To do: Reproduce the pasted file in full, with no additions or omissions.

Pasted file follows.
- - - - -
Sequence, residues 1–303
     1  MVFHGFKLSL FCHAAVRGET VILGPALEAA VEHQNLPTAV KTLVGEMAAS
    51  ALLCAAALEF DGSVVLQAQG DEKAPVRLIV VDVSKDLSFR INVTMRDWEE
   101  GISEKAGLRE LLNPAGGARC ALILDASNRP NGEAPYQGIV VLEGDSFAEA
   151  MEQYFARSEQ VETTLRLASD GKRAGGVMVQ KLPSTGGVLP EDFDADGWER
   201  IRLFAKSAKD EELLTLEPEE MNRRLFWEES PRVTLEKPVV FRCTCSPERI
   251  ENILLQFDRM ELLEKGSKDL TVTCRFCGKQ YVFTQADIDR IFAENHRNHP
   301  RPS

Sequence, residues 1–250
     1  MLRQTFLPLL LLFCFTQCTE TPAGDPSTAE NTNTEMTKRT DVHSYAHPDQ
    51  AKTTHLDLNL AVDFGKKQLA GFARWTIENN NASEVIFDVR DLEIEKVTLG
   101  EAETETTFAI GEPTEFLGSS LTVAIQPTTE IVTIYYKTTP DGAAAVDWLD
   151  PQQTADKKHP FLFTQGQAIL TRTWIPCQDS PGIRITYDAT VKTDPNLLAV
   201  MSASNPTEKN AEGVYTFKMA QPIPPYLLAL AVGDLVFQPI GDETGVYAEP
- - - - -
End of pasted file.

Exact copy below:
Sequence, residues 1–303
     1  MVFHGFKLSL FCHAAVRGET VILGPALEAA VEHQNLPTAV KTLVGEMAAS
    51  ALLCAAALEF DGSVVLQAQG DEKAPVRLIV VDVSKDLSFR INVTMRDWEE
   101  GISEKAGLRE LLNPAGGARC ALILDASNRP NGEAPYQGIV VLEGDSFAEA
   151  MEQYFARSEQ VETTLRLASD GKRAGGVMVQ KLPSTGGVLP EDFDADGWER
   201  IRLFAKSAKD EELLTLEPEE MNRRLFWEES PRVTLEKPVV FRCTCSPERI
   251  ENILLQFDRM ELLEKGSKDL TVTCRFCGKQ YVFTQADIDR IFAENHRNHP
   301  RPS

Sequence, residues 1–250
     1  MLRQTFLPLL LLFCFTQCTE TPAGDPSTAE NTNTEMTKRT DVHSYAHPDQ
    51  AKTTHLDLNL AVDFGKKQLA GFARWTIENN NASEVIFDVR DLEIEKVTLG
   101  EAETETTFAI GEPTEFLGSS LTVAIQPTTE IVTIYYKTTP DGAAAVDWLD
   151  PQQTADKKHP FLFTQGQAIL TRTWIPCQDS PGIRITYDAT VKTDPNLLAV
   201  MSASNPTEKN AEGVYTFKMA QPIPPYLLAL AVGDLVFQPI GDETGVYAEP